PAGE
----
What is Thyroid Eye Disease?

Thyroid eye disease is an autoimmune condition that is associated with hyperthyroidism or Graves' disease. It is the most common orbital disorder in adults. Thyroid eye disease is also known as thyroid-associated ophthalmopathy.

The most important risk factor is the presence of hyperthyroidism. Other risk factors can include advanced age, gender (more prevalent in women), smoking, and radioactive treatment of a hyperthyroid state. Some patients can present with thyroid eye disease before any systemic thyroid disease is identified.

Symptoms of Thyroid Eye Disease

The most common symptoms of thyroid eye disease are:

  • Eyes may initially feel dry, gritty, and irritated
  • Eyelid swelling and retraction
  • Bulging of the eyes
  • Development of double vision when glancing upward or downward
  • Appearance of staring
  • Face has unbalanced appearance
  • Vision loss

Treatment for Thyroid Eye Disease

Treatment for thyroid eye disease is complex and often involves several physicians including a neuro-ophthalmologist, an orbital specialist and an endocrinologist.

There are two phases of thyroid eye disease. The first phase can last as long as 36 months during which time symptoms occur gradually and may even wax and wane. After this time, eye symptoms usually stabilize. During this initial phase, treatment concerns managing and treating the underlying hyperthyroidism as well as reducing discomfort, avoiding double vision, and preserving sight.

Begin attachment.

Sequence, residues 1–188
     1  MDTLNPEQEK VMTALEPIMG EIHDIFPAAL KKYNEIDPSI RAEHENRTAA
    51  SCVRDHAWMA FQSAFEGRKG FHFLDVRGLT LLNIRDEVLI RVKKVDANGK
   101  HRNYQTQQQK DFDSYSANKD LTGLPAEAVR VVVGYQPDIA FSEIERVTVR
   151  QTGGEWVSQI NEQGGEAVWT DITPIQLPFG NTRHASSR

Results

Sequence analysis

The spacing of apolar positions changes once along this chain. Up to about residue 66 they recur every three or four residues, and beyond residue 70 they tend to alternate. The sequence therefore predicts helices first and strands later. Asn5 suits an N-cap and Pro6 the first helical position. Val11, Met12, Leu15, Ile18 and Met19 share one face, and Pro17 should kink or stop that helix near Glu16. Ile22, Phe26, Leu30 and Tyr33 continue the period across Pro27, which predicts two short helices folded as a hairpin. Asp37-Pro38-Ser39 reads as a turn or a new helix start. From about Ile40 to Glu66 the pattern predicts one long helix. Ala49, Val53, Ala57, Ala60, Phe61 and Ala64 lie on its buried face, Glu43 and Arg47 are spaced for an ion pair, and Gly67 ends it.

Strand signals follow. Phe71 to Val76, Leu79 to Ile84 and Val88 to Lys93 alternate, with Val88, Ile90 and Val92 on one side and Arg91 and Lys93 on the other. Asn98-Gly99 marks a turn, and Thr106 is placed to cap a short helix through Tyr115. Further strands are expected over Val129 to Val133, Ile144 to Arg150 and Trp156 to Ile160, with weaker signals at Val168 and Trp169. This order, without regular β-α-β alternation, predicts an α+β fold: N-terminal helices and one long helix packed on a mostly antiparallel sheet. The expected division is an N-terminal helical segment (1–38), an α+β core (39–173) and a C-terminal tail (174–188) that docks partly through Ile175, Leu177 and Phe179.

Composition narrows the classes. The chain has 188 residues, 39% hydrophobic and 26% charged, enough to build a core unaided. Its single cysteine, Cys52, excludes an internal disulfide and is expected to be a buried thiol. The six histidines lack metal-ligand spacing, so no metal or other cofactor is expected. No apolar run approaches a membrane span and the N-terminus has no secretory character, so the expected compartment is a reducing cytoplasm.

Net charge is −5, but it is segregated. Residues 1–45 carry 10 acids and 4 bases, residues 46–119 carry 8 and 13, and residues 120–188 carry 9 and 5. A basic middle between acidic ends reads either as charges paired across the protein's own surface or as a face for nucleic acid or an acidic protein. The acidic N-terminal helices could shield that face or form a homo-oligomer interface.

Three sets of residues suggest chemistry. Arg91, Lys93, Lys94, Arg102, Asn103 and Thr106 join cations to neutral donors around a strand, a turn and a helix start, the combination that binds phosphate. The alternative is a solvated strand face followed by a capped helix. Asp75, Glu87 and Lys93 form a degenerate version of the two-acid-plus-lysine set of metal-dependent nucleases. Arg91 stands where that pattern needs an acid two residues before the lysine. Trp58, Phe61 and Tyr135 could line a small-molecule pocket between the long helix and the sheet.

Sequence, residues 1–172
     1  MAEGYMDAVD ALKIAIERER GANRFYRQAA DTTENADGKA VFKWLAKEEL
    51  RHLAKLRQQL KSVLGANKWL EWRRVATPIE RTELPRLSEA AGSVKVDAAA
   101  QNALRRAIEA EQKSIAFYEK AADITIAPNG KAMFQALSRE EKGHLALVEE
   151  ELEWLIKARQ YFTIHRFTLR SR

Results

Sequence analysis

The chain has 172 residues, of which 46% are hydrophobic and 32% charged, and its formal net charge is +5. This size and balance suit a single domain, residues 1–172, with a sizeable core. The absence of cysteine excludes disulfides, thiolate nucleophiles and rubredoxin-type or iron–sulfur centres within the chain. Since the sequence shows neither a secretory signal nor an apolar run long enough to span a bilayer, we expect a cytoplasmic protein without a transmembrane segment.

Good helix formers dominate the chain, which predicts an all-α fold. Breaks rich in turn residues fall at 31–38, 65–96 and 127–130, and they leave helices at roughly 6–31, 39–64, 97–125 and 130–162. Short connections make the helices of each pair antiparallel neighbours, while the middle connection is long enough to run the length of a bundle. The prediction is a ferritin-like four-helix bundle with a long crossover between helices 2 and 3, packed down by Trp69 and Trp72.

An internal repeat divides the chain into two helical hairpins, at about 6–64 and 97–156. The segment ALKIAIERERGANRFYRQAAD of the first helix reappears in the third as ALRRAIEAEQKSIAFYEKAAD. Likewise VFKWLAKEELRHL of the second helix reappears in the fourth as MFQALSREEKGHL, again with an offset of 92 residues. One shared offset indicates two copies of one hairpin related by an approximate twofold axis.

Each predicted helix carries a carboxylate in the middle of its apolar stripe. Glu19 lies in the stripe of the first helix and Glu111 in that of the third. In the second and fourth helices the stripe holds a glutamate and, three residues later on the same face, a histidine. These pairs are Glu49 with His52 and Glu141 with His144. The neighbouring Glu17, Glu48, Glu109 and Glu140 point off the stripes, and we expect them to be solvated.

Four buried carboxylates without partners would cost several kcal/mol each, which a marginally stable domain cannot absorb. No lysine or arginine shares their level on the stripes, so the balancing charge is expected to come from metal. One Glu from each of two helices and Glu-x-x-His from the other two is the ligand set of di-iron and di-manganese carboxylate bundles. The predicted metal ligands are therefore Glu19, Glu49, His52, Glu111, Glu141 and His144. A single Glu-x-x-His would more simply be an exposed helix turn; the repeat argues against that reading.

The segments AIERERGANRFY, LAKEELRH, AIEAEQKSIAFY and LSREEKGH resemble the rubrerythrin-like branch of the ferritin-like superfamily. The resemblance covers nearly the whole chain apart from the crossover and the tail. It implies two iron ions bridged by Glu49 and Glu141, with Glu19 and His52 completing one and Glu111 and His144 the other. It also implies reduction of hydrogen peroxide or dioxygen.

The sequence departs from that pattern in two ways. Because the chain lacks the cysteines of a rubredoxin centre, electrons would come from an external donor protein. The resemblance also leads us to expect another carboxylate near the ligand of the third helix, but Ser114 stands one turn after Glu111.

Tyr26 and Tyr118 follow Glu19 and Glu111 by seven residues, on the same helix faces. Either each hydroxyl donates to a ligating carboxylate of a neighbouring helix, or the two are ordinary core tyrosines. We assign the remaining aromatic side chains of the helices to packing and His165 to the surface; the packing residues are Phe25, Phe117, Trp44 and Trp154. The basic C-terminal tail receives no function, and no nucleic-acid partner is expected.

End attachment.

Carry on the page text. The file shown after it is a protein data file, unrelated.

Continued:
Treatments can include:

  • Using artificial tears at night
  • Corticosteroids to reduce swelling
  • Radiation treatment to the orbit
  • Patching one eye or using prism glasses (to manage double vision)
  • Orbital decompression surgery for vision loss from optic nerve compression

During the second phase of thyroid eye disease the eye symptoms stabilize and treatment concerns correcting any unacceptable permanent changes such as protrusion of the eyes and the appearance of staring which can be corrected surgically. If double vision continues after the initial stage, this can also be corrected through eye muscle surgery.

Most patients do well and 75 percent of patients require only supportive therapy. Most patients do not develop sight-threatening complications. The disease runs a self-limited course of 18 to 36 months and up to two thirds of patients with thyroid eye disease will improve spontaneously. However, it is very important that an ophthalmologist monitors one's vision to avoid vision loss from optic neuropathy, a rare but serious potential complication of thyroid eye disease.

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